See you later, Swype: Popular text input keyboard discontinued as Seattle creators lament its demise

The Swype keyboard revolutionized how mobile phone users input text through an easy “Swype.”

Not many technology products become a verb, as in “I Googled it” or “We Ubered.”

But mobile keyboard startup Swype, created in Seattle in the early 2000s by technology pioneer Cliff Kushler, achieved that status. At its peak, the company was the default keyboard on millions of Android devices across the globe, creating an easier method for addicted mobile phone users to concoct sentences on the go.

Now, it appears Nuance — the speech technology company that bought Swype for more than $100 million in 2011 — is discontinuing the product.

Former Swype CEO Mike McSherry (Photo for GeekWire via Karen Ducey)

“Nuance will no longer be updating the Swype+Dragon keyboard for Android. We’re sorry to leave the direct-to-consumer keyboard business, but this change is necessary to allow us to concentrate on developing our AI solutions for sale directly to businesses,” says a message on Reddit first reported by XDA Developers. “We hope you enjoyed using Swype, we sure enjoyed working with the Swype community.” An article on Zendesk appears to confirm the news.

The decision comes as users and the tech industry increasingly embrace voice as a mechanism for quickly inputting text and interacting with devices and virtual agents.

Swype continues to be available for download on Android but no longer appears in Apple’s iOS App Store, which is especially notable because Swype’s expansion to iPhone in 2014 was such a long-awaited milestone.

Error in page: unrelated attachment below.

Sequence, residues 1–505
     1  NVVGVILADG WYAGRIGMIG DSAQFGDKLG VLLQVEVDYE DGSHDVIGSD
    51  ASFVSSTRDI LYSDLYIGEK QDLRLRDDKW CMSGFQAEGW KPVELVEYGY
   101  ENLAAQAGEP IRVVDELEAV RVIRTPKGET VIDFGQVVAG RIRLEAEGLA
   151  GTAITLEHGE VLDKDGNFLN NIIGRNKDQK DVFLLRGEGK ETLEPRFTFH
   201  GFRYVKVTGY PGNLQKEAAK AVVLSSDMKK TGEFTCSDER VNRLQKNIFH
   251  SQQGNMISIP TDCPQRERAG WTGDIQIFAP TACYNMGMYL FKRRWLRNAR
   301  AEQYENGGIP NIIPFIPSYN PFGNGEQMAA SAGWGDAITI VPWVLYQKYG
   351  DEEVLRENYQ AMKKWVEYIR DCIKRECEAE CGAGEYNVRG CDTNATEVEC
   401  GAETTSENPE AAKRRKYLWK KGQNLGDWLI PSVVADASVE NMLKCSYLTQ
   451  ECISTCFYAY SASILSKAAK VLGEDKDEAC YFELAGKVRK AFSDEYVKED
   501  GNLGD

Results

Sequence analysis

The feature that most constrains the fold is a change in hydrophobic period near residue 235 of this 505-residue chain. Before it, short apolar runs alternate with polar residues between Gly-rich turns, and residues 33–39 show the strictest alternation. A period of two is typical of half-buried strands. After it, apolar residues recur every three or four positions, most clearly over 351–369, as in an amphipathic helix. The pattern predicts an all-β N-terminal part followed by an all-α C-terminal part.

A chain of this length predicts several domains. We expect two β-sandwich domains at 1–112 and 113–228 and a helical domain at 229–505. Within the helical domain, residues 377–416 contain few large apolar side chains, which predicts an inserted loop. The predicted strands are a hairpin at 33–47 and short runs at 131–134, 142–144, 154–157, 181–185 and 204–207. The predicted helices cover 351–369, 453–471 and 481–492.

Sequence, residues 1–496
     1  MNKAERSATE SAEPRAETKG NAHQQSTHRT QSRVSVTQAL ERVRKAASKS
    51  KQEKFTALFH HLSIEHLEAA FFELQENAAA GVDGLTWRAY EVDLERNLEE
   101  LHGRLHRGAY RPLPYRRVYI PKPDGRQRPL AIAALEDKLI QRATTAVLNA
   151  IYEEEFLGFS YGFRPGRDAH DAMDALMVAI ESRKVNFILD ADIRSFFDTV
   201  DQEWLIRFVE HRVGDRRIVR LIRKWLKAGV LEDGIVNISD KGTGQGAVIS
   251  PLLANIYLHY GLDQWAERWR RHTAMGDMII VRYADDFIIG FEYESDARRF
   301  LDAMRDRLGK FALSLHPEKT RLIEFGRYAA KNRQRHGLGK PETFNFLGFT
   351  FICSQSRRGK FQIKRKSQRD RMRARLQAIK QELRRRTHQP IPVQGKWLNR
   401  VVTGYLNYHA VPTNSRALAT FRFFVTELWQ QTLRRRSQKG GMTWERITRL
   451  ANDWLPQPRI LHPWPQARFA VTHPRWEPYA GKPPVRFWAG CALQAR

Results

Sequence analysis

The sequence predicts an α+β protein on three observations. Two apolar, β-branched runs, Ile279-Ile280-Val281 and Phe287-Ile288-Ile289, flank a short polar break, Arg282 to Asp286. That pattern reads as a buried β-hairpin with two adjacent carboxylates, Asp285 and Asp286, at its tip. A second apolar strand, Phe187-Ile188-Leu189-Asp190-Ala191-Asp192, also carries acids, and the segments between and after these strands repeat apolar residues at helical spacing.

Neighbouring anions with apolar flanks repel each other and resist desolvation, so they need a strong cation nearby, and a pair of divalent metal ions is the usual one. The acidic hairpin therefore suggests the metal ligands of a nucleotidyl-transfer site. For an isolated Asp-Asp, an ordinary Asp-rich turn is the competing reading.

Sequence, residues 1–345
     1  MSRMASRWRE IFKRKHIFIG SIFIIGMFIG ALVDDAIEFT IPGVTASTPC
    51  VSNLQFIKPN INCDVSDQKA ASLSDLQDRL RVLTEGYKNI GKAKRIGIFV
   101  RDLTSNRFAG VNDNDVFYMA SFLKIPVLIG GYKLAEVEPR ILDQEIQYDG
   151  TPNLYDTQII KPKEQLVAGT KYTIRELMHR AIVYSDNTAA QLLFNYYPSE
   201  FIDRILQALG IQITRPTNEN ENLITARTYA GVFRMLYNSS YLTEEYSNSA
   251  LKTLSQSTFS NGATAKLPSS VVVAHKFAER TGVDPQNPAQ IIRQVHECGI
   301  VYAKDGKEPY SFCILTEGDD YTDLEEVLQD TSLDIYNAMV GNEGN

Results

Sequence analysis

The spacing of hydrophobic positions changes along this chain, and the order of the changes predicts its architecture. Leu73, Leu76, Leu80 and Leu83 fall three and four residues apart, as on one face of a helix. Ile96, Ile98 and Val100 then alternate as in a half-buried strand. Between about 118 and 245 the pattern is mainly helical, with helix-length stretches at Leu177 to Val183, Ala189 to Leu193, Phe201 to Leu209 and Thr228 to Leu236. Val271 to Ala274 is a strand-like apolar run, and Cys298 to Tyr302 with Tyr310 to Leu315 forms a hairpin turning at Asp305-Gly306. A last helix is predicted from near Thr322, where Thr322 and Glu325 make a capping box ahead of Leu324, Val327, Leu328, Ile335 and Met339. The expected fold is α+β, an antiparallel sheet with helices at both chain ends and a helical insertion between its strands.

We’ve reached out to Nuance for additional information, and have yet to hear back. Nuance’s product page for Swype provides no clues that the product is being discontinued, with a message that notes: “Say hello to the fastest keyboard on the planet.”

Former Swype CEO Mike McSherry — who was instrumental in growing the mobile keyboard’s usage and later sold the company to Nuance — told GeekWire that it was sad to see the product “mothballed.”

“We’re proud to have invented a product that’s been put on over one billion phones and helped shepherd in the world of touchscreen typing,” said McSherry, who now serves as CEO of Seattle health startup Xealth. “Swyping has now been mainstreamed by Android so is now a default typing mode on multi-billion phones globally.”

McSherry said he’d love to see a Swype-style keyboard implemented as part of Apple’s iOS native keyboard technology, noting that it “would be the next step to cap off Cliff (Kushler’s) amazing inventiveness around keyboards.”

Kushler came up with the idea for Swype in 2002 after having co-founded Seattle-based Tegic Communications, which was a leader in predictive text input on mobile devices. Tegic later sold to AOL, and then to Nuance. Interestingly, the co-founder of Swype — Randy Marsden — now serves as iOS keyboard manager for Apple, overseeing the text input technologies for iPhones and iPads. (Or, as he puts it in his LinkedIn profile: “Yes – if your auto-correct got it wrong, it is now ultimately my fault!”

After reading the reports of Swype’s demise, McSherry said that he’d consider buying the brand. He’s not spoken to Nuance about that yet, but noted that he’d love to have it if it wasn’t going to be used. “Good brand!” he said.

Microsoft entered the mobile keyboard text market in 2016 when it purchased Swype rival SwiftKey, gobbling up its estimated 300 million Android and iOS device users. “In this cloud-first, mobile-first world, SwiftKey’s technology aligns with our vision for more personal computing experiences that anticipate our needs versus responding to our commands, and directly supports our ambition to reinvent productivity by leveraging the intelligent cloud,” wrote Harry Shum, executive vice president of technology and research at Microsoft.

For those who never gave it a try, here’s a closer look at how Swype worked: